Preaching perspective

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Tuesday, July 29, 2014

IT IS but fitting for President Noynoy Aquino to use his fifth State of the Nation Address (Sona) to preach perspective. His critics in past few weeks have been aggressively demonizing him. He is no longer just Abnoy, BS (bull shit), stupid, etc. but is the second coming of Lucifer, all because of the Disbursement Acceleration Program (DAP).

His Sona last Monday sought to blow away the smog that covered his “bosses” view of the entire landscape. To a certain degree, he succeeded.

Aquino was elected in 2010 mainly because voters wanted to end the impunity that characterized the presidency of Gloria Macapagal-Arroyo. He wasn’t the intellectual that the other candidates like Gibo Teodoro were, but he was the son of Ninoy and Cory—meaning that integrity was, for him, a surefire thing. With him as president, sincerity was a given.


In a way, what his bosses wanted was for him to reintroduce honest governance, summed up well in the slogan “Daang Matuwid.” If he did well as an administrator as well, that was gravy.

As the President described the situation then in his Sona:

“To dream was an absurdity. We had a senseless bureaucracy; padded contracts had become the norm; and corruption was endemic to the system…We failed to gain the confidence of investors…We found a people deprived of hope…With heads bowed, we had come to accept that we would never be able to rely on our government or our society.

“The Philippines sank deep into despair because of dirty politics. Our trust in each other disappeared; the confidence of the world in the Philippines ebbed, and worst of all: we lost faith in ourselves.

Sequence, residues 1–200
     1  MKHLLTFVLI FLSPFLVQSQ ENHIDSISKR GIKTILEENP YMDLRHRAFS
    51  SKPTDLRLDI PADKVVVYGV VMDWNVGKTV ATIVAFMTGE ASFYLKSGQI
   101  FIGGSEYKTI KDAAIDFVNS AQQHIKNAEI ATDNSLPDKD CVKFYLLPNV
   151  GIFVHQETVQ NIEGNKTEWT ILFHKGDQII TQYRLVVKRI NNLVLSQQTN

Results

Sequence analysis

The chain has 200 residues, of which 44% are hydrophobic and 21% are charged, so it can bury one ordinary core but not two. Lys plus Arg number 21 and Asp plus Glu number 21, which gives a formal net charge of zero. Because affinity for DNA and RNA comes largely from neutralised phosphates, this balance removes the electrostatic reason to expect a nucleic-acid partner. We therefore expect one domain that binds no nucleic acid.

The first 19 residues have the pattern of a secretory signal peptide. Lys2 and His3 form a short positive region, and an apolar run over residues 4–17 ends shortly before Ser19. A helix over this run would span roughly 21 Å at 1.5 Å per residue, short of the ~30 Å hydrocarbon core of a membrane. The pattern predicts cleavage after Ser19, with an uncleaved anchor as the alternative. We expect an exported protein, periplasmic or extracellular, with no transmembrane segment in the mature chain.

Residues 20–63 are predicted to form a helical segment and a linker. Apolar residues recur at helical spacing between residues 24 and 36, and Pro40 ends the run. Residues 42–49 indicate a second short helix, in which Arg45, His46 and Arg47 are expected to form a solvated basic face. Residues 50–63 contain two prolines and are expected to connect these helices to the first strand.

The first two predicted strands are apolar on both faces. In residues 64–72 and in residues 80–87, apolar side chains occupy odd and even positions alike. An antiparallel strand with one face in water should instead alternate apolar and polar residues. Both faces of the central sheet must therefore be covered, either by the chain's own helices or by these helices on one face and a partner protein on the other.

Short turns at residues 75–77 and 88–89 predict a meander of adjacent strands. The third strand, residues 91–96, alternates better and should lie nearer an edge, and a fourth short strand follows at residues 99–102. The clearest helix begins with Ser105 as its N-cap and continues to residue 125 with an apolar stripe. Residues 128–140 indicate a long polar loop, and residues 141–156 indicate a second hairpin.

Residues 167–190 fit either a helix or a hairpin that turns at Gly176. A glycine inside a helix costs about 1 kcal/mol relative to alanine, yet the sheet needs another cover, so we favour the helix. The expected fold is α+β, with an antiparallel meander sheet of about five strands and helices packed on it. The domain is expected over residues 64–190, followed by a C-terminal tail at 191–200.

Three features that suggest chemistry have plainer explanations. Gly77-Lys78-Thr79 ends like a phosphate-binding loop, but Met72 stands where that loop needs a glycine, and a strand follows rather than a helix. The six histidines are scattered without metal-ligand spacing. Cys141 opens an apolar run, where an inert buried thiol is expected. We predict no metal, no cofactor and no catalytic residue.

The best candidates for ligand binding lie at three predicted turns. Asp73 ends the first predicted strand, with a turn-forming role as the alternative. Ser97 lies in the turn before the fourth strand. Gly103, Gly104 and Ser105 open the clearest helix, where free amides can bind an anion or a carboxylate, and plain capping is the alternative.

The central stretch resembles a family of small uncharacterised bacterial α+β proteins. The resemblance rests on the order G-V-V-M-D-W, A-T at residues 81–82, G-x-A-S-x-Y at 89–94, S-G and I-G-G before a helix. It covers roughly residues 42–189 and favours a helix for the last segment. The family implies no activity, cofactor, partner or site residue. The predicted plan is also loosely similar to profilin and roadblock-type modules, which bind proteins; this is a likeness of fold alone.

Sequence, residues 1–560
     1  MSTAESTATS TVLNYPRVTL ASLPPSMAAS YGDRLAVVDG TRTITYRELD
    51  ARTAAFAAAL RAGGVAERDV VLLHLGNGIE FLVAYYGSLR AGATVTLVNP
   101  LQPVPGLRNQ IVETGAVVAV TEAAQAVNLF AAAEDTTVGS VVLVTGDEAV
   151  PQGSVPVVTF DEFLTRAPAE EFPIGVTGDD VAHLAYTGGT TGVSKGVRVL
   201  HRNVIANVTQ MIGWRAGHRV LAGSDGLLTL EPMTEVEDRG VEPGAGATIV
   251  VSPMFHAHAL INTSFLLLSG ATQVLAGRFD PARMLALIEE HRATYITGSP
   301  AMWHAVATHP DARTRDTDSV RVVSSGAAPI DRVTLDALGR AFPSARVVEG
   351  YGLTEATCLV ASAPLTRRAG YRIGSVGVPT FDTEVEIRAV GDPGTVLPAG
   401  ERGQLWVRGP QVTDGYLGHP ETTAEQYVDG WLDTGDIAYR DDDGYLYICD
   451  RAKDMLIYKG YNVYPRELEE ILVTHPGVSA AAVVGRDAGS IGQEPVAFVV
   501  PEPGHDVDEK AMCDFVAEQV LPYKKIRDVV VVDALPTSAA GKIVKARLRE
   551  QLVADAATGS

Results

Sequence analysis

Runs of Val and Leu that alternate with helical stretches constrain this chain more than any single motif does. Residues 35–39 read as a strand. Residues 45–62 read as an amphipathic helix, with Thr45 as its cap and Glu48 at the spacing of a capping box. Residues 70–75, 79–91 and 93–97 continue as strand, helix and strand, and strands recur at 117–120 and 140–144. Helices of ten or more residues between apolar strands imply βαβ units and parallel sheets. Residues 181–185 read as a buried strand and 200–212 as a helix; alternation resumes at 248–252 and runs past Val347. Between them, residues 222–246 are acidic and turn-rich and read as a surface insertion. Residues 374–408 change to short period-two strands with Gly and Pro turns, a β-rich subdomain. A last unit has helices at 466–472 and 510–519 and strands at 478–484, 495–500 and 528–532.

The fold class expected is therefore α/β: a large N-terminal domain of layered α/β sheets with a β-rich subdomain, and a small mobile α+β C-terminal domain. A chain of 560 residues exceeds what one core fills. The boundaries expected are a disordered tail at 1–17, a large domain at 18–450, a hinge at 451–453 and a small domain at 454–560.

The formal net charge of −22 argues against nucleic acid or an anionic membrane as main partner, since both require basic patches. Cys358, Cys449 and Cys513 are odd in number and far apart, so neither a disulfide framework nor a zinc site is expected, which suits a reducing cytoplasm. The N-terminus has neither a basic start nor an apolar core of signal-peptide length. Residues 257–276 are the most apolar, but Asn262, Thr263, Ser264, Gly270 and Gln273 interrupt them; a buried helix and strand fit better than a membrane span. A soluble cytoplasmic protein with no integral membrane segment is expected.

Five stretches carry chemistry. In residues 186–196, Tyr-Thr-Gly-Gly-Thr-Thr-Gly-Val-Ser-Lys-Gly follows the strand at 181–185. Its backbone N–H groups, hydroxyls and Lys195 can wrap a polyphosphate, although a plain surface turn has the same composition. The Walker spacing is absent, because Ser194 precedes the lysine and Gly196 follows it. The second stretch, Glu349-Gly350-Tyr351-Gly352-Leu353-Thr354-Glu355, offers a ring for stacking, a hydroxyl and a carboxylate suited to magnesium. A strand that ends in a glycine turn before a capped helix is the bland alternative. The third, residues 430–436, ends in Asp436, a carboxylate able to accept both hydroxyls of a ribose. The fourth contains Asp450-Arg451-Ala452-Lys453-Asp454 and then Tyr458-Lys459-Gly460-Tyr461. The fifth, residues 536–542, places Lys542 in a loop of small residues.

“It was at this juncture that we began our journey on the straight and righteous path.”

Indeed, things have changed considerably since Aquino took over from Arroyo four years ago. The most visible change was in the image of the national government here and abroad. The Aquino administration is being viewed favorably even by respected foreign institutions.

Of course, PNoy gave considerable attention to substance in his Sona. The various aspects of governance was tackled and given a positive spin, from fiscal management, to the economy, labor, peace and order, the military, etc. That is, after all, the function of the Sona.

Which is also its weakness. The President can present figures, or can show video clips of people benefiting from government programs, but the correctness of those figures can be questioned and context can be raised for every video clip shown. Even if the figures are correct, there’s the trickle-down effect to consider.

But the Sona made sure that the power of incredulity would be rendered ineffective by using perspective and focusing on honesty of intention. He was not asked to do miracles, only to right the ship.

“When some groups appealed to me to run for President,” he said, “they told me that they did not expect to solve all the country’s problems in a span of six years. They simply asked me to begin the change. You saw where we came from, and you are seeing how we have far surpassed the aspirations with which we began.”

In a way, this was where the President’s Sona succeeded. He took the wind from the critics sail labeled DAP, and made his “bosses” view the bigger picture of his governance. Thus, when critics started acting up after the Sona was delivered, they ended up sounding petty.

There’s one Tagalog word for that: naisahan.


Published in the Sun.Star Cebu newspaper on July 30, 2014.


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